Early last year I read Lynn Austin’s book A Woman’s Place (which I reviewed HERE). Being exceedingly enthusiastic about that particular work, I was delighted to get my hands on a copy of A Proper Pursuit. I finished the book late last night and decided to sleep on it before writing a review of it. I’ve been thinking through the book all morning – what I liked and what I didn’t.
The thing that rankled me the most was that, at one particular point in the book, I felt like Ms. Austin was dumbing down her writing a bit just in case her readers might miss the meaning of her symbolism in describing a particular relationship. That one little paragraph annoyed me for the rest of the book. I felt a bit condescended to and spent the rest of the book wondering if she trusted me enough to follow her story. It’s just a minor point and I realize I’m being picky AND snobby but it did bother me. (And, for the record, after this one incident, she trusted her readers to get the point throughout the rest of the book.)
Secondly, I found this story line more predictable in figuring out the relationships than I did when I was reading A Woman’s Place . However, it was not so predictable as to prevent me from finishing the story. One thing Ms. Austin does well is that she transports you to a different time and place in her writing which keeps a reader entertained.
In this particular story we are taken to Chicago in 1893 during the time of the World Fair. A lot of the residents that we meet are survivors of the Great Chicago Fire (1871) and there is quite a bit of reminiscing about that particular instance. The way that Austin handled the story reminded me that each generation has their own catastrophe that they had to deal with. In A Woman’s Place we are met with the challenges and struggles the women faced during World War II. Women today (depending on your generation) are more apt to remember where they were when JFK was shot or (in my particular case) where I was when the Twin Towers were struck on 9/11. A Proper Pursuit is a reminder that even though our times may have changed, our clothing style is different and social etiquette (isn’t what it used to be), we are still the same internally. We feel the same emotions, we just express them differently depending on our culture and status.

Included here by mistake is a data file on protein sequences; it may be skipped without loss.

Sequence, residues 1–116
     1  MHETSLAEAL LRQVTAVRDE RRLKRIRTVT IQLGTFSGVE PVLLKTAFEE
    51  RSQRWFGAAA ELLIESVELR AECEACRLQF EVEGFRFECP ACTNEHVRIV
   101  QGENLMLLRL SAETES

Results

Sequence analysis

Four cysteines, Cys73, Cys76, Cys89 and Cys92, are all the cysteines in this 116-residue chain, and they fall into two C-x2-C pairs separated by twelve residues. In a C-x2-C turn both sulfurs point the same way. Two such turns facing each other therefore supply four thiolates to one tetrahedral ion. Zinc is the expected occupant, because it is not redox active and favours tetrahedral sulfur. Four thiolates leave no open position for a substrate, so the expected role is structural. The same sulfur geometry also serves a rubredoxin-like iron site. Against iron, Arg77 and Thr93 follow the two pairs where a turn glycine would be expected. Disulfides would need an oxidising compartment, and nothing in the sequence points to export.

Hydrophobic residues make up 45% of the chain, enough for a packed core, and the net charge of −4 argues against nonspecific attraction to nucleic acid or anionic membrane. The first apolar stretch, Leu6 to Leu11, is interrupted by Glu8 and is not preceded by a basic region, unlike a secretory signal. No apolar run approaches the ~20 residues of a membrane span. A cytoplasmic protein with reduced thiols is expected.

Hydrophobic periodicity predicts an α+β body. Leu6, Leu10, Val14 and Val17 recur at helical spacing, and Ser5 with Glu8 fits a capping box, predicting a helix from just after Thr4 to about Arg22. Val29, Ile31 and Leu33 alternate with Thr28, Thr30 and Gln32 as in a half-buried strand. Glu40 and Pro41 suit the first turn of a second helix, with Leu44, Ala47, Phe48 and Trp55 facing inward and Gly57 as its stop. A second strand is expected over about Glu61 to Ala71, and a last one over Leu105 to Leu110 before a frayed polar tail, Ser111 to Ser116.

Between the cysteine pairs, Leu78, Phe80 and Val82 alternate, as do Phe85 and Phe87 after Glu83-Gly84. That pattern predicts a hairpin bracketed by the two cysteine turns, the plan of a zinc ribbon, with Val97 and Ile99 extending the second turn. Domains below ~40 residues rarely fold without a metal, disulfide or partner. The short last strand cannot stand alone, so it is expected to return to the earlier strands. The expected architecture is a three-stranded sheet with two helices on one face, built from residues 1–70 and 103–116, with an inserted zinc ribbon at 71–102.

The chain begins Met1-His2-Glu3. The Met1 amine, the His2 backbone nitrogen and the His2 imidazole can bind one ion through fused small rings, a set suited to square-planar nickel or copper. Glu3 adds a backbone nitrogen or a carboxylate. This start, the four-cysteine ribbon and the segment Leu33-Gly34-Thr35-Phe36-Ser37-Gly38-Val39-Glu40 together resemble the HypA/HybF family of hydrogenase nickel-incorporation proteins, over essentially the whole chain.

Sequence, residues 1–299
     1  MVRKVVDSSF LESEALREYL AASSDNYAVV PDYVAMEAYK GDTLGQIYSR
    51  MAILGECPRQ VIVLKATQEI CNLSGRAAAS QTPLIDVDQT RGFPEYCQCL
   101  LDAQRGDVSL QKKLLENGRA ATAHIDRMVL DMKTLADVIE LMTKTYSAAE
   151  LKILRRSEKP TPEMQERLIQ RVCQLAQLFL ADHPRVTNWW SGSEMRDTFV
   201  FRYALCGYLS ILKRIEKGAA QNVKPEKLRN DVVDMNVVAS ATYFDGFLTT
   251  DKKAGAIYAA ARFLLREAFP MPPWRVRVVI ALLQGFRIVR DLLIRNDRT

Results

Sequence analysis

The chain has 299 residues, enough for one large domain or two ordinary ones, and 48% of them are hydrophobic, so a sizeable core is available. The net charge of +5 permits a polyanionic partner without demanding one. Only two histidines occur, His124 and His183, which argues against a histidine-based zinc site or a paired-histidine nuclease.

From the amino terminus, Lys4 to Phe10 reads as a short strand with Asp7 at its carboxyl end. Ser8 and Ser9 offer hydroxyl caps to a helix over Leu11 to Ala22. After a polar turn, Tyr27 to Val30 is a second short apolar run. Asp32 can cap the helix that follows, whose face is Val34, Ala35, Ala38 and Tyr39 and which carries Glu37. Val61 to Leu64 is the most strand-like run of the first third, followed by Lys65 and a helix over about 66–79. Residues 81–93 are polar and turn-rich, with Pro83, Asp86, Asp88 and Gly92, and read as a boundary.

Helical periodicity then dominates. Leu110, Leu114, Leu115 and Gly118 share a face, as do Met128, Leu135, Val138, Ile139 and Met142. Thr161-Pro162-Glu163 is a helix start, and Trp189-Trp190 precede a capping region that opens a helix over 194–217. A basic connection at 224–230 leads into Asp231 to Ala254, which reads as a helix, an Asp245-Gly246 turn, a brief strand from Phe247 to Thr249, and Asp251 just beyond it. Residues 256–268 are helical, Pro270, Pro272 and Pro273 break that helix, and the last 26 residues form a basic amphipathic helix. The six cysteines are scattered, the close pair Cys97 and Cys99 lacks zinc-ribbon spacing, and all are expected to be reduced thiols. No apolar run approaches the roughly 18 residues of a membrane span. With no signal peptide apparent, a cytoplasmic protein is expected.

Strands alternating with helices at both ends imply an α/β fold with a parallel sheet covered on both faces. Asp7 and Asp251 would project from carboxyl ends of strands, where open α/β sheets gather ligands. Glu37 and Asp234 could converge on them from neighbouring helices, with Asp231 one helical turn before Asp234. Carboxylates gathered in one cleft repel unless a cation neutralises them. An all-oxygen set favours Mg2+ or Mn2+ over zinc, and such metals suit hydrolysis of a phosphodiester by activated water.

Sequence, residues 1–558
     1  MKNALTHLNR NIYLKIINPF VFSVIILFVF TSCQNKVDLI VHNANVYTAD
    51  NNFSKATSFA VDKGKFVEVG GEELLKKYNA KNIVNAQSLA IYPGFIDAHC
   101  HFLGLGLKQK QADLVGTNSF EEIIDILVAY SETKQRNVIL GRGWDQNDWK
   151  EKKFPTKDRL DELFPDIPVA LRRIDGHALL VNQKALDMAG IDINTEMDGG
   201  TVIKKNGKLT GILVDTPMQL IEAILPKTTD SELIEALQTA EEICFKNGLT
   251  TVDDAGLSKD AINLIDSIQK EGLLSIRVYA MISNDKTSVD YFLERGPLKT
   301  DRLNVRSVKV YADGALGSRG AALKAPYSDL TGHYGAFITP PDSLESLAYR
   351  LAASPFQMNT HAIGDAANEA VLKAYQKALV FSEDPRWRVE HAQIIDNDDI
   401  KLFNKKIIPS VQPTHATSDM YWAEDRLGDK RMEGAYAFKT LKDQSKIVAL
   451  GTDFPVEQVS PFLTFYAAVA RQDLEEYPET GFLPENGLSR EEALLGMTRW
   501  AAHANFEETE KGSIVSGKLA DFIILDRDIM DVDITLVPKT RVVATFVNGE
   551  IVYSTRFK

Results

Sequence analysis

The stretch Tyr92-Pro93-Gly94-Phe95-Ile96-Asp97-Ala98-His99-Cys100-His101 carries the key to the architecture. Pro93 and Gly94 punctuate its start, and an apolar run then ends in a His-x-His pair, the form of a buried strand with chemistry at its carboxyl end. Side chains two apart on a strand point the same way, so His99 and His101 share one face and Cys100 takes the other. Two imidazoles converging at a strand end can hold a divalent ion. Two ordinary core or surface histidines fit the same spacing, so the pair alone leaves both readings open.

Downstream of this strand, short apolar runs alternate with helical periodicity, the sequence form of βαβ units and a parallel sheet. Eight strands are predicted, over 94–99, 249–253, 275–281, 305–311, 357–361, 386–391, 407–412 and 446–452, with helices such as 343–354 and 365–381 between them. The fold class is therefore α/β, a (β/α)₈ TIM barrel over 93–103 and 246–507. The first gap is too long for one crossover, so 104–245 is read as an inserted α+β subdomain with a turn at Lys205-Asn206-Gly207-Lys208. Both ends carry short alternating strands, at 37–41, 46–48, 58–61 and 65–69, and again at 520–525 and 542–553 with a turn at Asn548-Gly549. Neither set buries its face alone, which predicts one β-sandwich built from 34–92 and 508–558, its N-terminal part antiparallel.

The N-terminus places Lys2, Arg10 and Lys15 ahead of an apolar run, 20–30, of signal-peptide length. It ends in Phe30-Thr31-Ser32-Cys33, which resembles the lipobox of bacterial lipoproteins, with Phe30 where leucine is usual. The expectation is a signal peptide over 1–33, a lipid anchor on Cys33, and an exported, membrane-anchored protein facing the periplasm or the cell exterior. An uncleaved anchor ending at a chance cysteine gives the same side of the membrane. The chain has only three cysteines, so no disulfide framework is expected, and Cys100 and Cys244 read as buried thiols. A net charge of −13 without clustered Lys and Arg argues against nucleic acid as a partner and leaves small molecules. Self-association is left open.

I looked for more information on her website and discerned that she had a special relationship with her grandmother and mother and that the changes that women have undergone, culturally speaking, is a fascinating topic for Austin. It does receive a great deal of focus in A Proper Pursuit. Again, like in A Woman’s Place , I don’t feel that to be a bad thing. It’s done well enough and is blended into the story in an appropriate manner.
I think the thing that I found most fascinating in Pursuit was that Violet, our protagonist in this story, knows so little of her own mind that she is rather heavily influenced by every other character around her. Not being one who is influenced by people unless I choose to be, I found her very hard to identify with. She is a young 20 year old who is unsure of her position in life and really doesn’t know who she is. She goes to live with her grandmother and great aunts who all have different personality bents and agendas who all use various ways and means of influencing their young charge.
The bottom line message of the story was that everyone is different and everyone has something to offer in the way of personality and character gifts, to the body of Christ. What is good for one person might not be good for another. Not everyone is expected to get along but grace and love will help us get a lot further in relation to one another. Not everyone can be trusted but everyone has something worth listening to.
You’ll also like this book if you like happy, sweet endings.
I am curious to hear from more of you concerning other of Ms. Austin’s works. Is there a particular book of hers that you have read and would strongly recommend or encourage me to read? I would find your comments interesting if you’d care to leave one! This particular book really wasn’t me, primarily because I couldn’t identify with the main character’s character. However, I do enjoy the way that Austin tells her stories and I enjoyed the supporting cast.
As always, happy reading!
Carrie comes by her book obsession honestly, having descended from a long line of bibliophiles. She blogs about books regularly at Reading to Know.
This review is linked to Semicolon’s Saturday Review of Books.